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for the village in Burma see Paga, Kalewa
District Capital
Paga is located in Ghana
Location of Paga in Upper East region
Coordinates: 10°59′32″N 01°06′48″W / 10.99222°N 1.11333°W / 10.99222; -1.11333Coordinates: 10°59′32″N 01°06′48″W / 10.99222°N 1.11333°W / 10.99222; -1.11333
RegionUpper East Region
DistrictKassena Nankana West District
690 ft (210 m)
 (2013)[citation needed]
 • Total102
Time zoneGMT
 • Summer (DST)GMT

Paga is a small town in Upper East region of Ghana, lying north of Bolgatanga. Paga is the capital of Kassena Nankana West District, a district in the Upper East region of north Ghana.[1] The town is located on the border of Burkina Faso and is 166 km south of Ouagadougou via the N5 highway, the main road linking Ghana and Burkina Faso.


Paga is known for its sacred crocodile ponds,[2] where most visitors are surprised that they can touch a live crocodile.[3] Paga is a small town in the Upper East Region, and has a population of about 10,000.[citation needed] However, the entire population of Paga – including its outskirts – is over 100,000.[citation needed] Most of the inhabitants are farmers of the Kassena ethnic group, whose settlements and familial ties stretch over the colonial borders of Ghana into what is now Burkina Faso. The idea of different nationalities mean little to these people, who see their shared ancestry and ethnicity before what is the recent concept of nationality or religion. Many Kassenas in this small town Paga are multilingual, speaking their native Kasem and English among other languages.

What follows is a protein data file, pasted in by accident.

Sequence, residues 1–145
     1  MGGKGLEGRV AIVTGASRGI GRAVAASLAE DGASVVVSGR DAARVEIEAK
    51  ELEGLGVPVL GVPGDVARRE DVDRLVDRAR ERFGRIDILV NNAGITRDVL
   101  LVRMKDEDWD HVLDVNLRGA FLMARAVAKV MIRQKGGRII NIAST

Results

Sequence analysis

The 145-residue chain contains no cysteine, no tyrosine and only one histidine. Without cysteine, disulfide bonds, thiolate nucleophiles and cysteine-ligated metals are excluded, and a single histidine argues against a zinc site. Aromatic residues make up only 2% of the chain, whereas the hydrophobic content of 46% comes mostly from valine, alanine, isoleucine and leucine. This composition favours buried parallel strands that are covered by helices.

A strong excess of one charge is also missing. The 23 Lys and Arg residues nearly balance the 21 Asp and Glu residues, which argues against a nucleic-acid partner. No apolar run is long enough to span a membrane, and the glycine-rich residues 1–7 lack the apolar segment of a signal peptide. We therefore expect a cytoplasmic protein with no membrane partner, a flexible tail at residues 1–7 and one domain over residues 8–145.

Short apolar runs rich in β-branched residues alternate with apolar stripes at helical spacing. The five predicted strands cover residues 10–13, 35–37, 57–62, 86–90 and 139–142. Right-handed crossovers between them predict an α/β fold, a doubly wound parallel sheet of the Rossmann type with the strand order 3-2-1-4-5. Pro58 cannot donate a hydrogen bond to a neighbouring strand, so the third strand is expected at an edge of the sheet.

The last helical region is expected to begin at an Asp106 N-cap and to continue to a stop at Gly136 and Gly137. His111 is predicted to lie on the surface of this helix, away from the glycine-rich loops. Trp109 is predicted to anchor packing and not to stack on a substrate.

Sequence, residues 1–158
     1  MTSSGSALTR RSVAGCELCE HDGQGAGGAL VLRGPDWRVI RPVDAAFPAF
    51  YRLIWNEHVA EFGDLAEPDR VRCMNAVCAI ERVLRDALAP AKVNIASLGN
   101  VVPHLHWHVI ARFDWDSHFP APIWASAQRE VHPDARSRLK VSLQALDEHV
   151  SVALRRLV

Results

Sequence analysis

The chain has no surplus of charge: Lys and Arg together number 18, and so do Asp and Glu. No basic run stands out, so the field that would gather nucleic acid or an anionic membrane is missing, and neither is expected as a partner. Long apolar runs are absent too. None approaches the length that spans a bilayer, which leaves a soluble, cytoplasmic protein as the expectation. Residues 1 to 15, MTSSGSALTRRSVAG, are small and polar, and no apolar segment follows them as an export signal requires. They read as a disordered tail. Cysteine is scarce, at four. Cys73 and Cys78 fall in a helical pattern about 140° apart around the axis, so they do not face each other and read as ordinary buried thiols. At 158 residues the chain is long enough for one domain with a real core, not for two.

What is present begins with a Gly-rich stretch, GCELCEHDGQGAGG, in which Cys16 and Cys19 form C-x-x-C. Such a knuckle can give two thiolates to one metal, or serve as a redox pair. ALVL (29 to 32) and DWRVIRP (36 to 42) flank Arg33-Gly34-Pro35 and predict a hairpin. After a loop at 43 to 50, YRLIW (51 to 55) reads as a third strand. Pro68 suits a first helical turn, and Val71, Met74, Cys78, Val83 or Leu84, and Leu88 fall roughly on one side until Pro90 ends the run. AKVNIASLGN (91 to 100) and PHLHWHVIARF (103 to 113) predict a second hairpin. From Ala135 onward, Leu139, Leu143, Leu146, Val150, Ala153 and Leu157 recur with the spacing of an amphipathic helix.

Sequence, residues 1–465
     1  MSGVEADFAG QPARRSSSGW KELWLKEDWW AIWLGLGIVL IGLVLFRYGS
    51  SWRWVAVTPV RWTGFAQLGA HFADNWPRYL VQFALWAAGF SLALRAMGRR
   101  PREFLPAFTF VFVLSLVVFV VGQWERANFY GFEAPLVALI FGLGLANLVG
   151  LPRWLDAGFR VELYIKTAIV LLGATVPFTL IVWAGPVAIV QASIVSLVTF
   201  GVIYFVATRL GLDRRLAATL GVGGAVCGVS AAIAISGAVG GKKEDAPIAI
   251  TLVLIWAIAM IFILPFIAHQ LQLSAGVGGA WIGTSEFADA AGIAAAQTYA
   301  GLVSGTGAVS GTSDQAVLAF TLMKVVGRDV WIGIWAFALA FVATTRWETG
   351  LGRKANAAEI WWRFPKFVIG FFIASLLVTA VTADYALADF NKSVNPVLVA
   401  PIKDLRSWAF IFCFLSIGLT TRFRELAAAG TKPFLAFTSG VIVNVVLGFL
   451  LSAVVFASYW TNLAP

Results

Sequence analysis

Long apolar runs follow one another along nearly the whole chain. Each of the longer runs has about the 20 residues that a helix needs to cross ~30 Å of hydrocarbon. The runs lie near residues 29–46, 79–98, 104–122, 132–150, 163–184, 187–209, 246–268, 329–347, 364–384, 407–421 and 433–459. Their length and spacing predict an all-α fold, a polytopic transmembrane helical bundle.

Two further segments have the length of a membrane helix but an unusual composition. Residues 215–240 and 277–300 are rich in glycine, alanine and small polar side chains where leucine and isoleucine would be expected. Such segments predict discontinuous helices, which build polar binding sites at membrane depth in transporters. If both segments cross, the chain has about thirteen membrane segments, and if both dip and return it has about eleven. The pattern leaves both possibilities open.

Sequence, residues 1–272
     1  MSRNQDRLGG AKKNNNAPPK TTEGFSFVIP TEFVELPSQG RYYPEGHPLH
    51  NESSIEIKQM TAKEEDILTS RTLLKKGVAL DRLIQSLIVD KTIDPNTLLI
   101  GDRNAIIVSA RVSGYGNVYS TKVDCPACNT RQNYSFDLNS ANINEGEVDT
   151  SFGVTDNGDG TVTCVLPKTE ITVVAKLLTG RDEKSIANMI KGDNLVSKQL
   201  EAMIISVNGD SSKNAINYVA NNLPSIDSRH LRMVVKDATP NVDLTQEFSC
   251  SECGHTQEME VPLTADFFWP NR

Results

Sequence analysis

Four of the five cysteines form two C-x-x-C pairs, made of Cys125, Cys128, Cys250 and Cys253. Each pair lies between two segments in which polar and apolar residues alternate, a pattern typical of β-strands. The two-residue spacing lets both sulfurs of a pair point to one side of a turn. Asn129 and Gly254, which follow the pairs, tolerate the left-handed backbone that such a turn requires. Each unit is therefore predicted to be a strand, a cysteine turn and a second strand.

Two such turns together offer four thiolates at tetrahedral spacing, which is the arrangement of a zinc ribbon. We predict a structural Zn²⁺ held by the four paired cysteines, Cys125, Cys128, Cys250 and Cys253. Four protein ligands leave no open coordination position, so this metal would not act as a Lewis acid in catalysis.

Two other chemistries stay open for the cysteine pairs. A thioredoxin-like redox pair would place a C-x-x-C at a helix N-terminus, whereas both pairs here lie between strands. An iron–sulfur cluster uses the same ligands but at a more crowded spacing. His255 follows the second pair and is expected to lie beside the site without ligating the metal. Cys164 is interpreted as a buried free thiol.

According to legend, Paga was founded c. 1400 by a young man named Naveh, who was saved by a crocodile while on a hunting expedition.[citation needed] He then left his village and settled in the place which is now Paga. The founder of the town, Naveh, when searching for a desirable place to settle, exclaimed 'Ayipaga' which means 'My eye is fixed on this land'. The place came to be called by that name, which in due course was shortened to 'Paga'.[1]


  1. ^ a b Kassena Nankana West District Archived 2013-06-14 at the Wayback Machine
  2. ^ "Paga Crocodile Pond". Ghana50. Retrieved 2011-09-21.
  3. ^ "Paga Historic Sites". Ghana Expeditions. 2007-09-07. Retrieved 2011-09-21.

External links